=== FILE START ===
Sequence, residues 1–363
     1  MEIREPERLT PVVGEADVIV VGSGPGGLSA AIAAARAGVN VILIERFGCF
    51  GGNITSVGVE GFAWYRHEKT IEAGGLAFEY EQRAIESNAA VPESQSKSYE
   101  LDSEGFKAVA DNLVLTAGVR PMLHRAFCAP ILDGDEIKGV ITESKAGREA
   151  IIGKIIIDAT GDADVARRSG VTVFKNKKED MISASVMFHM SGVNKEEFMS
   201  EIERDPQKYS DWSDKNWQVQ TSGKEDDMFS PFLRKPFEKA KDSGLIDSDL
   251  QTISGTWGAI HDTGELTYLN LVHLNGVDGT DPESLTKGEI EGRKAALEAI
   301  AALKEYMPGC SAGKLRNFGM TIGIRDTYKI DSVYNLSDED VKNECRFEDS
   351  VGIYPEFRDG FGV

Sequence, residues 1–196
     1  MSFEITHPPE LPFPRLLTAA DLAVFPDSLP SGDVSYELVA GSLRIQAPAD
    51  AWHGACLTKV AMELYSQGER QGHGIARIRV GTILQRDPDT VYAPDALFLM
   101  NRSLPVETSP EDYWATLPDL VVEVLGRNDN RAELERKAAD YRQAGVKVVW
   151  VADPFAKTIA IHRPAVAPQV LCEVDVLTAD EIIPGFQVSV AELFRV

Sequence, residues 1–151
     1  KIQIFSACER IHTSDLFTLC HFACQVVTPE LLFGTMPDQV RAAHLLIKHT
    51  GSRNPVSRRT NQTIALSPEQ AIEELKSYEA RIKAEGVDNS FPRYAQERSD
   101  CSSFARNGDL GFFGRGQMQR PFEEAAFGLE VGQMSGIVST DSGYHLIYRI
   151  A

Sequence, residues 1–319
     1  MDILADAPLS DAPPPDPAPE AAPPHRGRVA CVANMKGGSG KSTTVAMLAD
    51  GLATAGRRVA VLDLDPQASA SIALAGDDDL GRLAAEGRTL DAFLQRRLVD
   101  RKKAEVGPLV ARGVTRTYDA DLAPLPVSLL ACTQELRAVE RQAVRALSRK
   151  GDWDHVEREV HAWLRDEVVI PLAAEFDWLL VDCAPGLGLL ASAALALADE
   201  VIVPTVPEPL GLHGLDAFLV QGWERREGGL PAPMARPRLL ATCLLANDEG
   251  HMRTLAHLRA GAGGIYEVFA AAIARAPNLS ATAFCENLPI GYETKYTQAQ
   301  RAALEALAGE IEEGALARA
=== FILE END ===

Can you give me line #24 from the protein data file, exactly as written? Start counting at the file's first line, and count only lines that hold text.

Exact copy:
   151  GDWDHVEREV HAWLRDEVVI PLAAEFDWLL VDCAPGLGLL ASAALALADE